Stolen, competent entertainment exploiting the Die Hard formula 3 and 4.
Simon West play it safe and Stolen grossing film honors products that enjoyed as a spectator in his childhood and youth. Is very clear that the client is the public and the public must be given first entertainment. West always works on the exploitation of already known formulas that should be updated as each story. In the classic Hollywood would have been an effective and competent craftsman in the studio system able to deal with almost any genre along the lines of the formulas of exploitation. Never risk. You will know what works for the largest audience possible and knows how to sell the proposal from the credits, which in this case have reminded me of heist films of the seventies, although the film commenced the shooting go the other site. Where do I go? Precisely where indicated by the title of her film, which in the U.S. poster tagline leaves everything even clearer: 12 hours. 10 million. One daughter kidnapped. And then the title: Stolen. So and so is the film behaves throughout their footage: blunt, direct and effective.
West does not beat around the bush. Pull the formula of the last two installments of Die Hard, and adjusts the actor with his debut in his first job as a director, Con Air, back in 1997. Know that the shot does not fail. West grew up in the seventies as a spectator watching Clint Eastwood, Charles Bronson, Lee Marvin and Burt Reynolds raise any argument, weak as it was, by their very presence. And he has to Nicolas Cage. Lighten the footage from the Die Hard but otherwise is playing on the same field. A type starter Italian Job and progression Cellular elements interspersed with a ration of rescue mission against time with Nicolas Cage in plan John McClane (Bruce Willis in Die Hard: revenge). The protagonist enlists the help of the authorities, but no use for it, but it allows the story to be lightened with the partnership of love / hate about while away the sausage FBI agent played by the great Danny Huston ("What I admire not mean I like"), which manufactures a character Walter Matthau style in the seventies, for example in the first version of Pelham 1,2,3 or The Laughing Policeman. There pretty girl, the stunning Malin Akerman, but no time to fling sentimental (an astute decision). There villain tribute curious background of the monster of terror as an agent of chaos, but without going over (reborn and alienated, and looking like a heavy metal star rundown). There stupid cops who are no better than to show off the plate. And always remains faithful to entertain first objective of the whole thing.
Also want to break here a plea of Nicolas Cage and against prejudice against his work. For many clubs that criticism of Nicolas Cage and many questionable movies that earn this man in his spotty career, is still an actor amply competent and able to fill the screen with charisma that have movie stars given to action the cause. I also recall that this man won an Oscar for his work in Leaving Las Vegas, where many critics and analysts of the films that made him the wave. In many sequences that movie got the same talent that goes into The Rock, Con Air, Face/Off , Lord of War, and other adventures his character more exciting. What happens is that these are action movies, escapism and entertainment, without complexes. And that seemingly opens the door to a devaluation excessive criticism of his work.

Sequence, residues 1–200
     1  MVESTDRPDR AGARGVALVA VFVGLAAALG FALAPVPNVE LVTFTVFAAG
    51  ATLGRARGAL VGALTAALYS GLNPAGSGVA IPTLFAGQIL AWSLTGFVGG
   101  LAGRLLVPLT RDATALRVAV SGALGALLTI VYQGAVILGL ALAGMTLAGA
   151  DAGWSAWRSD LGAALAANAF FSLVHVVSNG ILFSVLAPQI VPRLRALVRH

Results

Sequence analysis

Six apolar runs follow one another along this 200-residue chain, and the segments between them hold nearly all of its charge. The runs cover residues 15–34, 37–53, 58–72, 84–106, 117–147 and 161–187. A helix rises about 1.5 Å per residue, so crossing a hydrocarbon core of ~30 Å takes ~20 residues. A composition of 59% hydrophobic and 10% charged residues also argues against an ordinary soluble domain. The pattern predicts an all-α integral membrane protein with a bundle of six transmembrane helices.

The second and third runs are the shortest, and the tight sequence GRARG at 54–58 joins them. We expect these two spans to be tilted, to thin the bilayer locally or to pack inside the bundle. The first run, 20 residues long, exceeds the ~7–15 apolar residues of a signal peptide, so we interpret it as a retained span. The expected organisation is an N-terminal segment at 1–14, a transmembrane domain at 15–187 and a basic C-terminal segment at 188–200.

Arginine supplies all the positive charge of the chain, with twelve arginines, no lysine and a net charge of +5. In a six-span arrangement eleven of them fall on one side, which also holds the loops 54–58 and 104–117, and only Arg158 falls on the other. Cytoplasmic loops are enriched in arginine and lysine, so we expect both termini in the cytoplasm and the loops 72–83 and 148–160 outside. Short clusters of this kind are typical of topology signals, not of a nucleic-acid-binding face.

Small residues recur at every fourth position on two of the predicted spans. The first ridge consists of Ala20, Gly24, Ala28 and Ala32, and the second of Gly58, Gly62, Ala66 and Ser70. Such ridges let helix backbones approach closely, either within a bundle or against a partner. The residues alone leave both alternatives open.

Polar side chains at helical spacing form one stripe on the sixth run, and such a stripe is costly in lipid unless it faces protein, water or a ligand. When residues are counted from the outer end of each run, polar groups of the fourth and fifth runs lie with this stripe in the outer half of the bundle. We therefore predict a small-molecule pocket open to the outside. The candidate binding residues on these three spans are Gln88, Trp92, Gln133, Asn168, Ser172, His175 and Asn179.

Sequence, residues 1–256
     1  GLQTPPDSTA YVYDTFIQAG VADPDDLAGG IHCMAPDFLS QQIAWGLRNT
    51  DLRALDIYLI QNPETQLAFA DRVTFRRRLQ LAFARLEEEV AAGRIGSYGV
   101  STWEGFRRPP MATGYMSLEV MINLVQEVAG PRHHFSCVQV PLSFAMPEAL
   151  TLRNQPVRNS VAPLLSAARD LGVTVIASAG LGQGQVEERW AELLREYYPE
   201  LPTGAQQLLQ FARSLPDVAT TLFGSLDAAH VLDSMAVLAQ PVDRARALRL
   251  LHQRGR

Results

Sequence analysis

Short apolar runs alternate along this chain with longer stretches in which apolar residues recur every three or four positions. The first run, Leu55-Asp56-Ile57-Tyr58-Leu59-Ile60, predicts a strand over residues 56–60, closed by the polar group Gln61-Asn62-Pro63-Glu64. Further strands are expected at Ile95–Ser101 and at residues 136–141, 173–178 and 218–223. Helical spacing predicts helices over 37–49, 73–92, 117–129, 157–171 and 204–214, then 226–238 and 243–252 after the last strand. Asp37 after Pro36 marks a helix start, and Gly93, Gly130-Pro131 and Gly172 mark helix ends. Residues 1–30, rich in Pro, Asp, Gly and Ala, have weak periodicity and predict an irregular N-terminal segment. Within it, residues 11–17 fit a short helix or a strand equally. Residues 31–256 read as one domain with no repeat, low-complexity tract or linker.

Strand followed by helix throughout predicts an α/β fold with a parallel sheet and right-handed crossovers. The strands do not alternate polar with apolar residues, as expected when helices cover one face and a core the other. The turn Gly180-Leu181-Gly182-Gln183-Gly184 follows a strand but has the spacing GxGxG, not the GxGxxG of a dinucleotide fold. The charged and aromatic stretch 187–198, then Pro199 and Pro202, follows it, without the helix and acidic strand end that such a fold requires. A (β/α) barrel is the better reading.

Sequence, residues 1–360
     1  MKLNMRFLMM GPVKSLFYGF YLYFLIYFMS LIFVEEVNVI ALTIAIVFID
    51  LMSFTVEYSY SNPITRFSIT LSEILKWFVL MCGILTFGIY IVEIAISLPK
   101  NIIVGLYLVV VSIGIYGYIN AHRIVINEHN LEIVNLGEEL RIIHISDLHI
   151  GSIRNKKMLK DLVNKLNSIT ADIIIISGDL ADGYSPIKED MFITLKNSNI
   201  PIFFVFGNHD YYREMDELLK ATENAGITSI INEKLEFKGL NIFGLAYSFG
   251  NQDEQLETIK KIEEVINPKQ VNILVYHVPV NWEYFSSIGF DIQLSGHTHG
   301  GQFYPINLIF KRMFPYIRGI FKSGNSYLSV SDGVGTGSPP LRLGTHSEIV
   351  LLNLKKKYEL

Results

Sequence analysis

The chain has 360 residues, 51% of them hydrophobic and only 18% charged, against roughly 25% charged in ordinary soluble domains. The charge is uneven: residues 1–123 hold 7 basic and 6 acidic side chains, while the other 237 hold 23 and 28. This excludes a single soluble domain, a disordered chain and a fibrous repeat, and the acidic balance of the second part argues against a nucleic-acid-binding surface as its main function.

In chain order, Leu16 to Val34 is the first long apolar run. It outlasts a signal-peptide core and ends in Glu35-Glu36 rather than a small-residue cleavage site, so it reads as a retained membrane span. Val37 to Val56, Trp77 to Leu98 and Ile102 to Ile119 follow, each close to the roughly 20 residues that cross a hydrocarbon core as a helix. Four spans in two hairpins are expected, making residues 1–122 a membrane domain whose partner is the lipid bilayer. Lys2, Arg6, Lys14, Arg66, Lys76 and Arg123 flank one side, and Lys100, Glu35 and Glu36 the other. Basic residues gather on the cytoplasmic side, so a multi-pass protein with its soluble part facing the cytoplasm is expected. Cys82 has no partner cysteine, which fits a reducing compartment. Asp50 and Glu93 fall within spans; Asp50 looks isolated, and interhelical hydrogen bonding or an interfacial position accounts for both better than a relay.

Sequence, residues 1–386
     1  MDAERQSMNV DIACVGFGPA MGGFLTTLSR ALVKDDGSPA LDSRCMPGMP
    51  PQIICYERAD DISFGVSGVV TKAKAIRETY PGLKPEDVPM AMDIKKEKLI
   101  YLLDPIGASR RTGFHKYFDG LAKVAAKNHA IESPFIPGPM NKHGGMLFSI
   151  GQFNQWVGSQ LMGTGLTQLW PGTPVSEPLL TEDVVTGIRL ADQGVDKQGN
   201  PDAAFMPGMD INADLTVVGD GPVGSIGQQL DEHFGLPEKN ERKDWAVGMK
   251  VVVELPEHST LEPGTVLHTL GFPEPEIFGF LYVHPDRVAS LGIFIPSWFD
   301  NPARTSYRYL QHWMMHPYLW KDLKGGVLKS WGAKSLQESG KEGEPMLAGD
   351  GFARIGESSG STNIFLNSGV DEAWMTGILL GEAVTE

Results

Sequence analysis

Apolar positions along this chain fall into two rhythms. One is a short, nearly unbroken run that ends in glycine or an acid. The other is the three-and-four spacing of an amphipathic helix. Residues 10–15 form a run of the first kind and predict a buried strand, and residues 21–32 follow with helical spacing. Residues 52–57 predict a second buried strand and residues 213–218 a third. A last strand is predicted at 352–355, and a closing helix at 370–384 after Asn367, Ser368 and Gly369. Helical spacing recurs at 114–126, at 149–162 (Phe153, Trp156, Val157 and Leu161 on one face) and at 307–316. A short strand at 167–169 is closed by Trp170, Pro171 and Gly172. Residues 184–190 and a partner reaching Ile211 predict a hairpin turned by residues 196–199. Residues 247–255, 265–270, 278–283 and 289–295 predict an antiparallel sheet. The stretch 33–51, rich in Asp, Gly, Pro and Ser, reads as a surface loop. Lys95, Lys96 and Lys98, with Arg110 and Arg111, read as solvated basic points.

Nicolas is not and never has been a bad actor. Just accept make films very bad because it takes years rather disoriented and dragging serious economic problems that force you to hyperactivity counterproductive to his career. The guy does everything, and does everything in almost everything. Not averse to almost nothing. But still a talented actor. And in recent months has staged a pretty interesting movie, Seeking Justice, directed by Roger Donaldson, a good director of intrigue and filmed as Stolen in New Orleans. Both are a pretty decent proposals, each of its kind.
Interestingly in both films the role of the city battered by Hurricane Katryna, some of whose claws show themselves in the streets yet, has a prominent role, although it is more pronounced in urban as Stolen.
Filled with nods, the film employs the most resolute action film tricks and evasion of the eighties and nineties and thus wins the viewer's complicity, perfectly aware that you are viewing the application of a formula, which does not care if formula that keep you entertained. We have an action prologue, theft of money, which raises the theft postponed (gold), to pull it later. And we do not care to implement tricks already well known, like the surprise, which finally is such that thieves are not where they appear to be, or that final shot with the two girls passing by the cemetery.
The false deception is part of the movie signed pact with the viewer, in which entertainment and evasion are first on the surprise. It's a director's choice in terms of a contract signed with the viewer perfectly lawful. This same story, without changing the script, could be counted on key closest to black cinema, harder and sinister characters and situations (for example, not have to work hard to turn this story into a sinister tale with monster included narrating the plot from the point of view of the kidnapped daughter), but the director has chosen to follow a path of least resistance and pay particular tribute to the action movies of the eighties that he has worked in film and television nineties and the year 2000 onwards. The key to how we should interpret the film is its villain. An antagonist which has been built to consciousness as a caricature of the topics of gender and villains in the exaggeration of that characterization as common place gives us the key to his true nature as a satirical homage to a movie that only aims to entertain the audience.
Miguel Juan Payán
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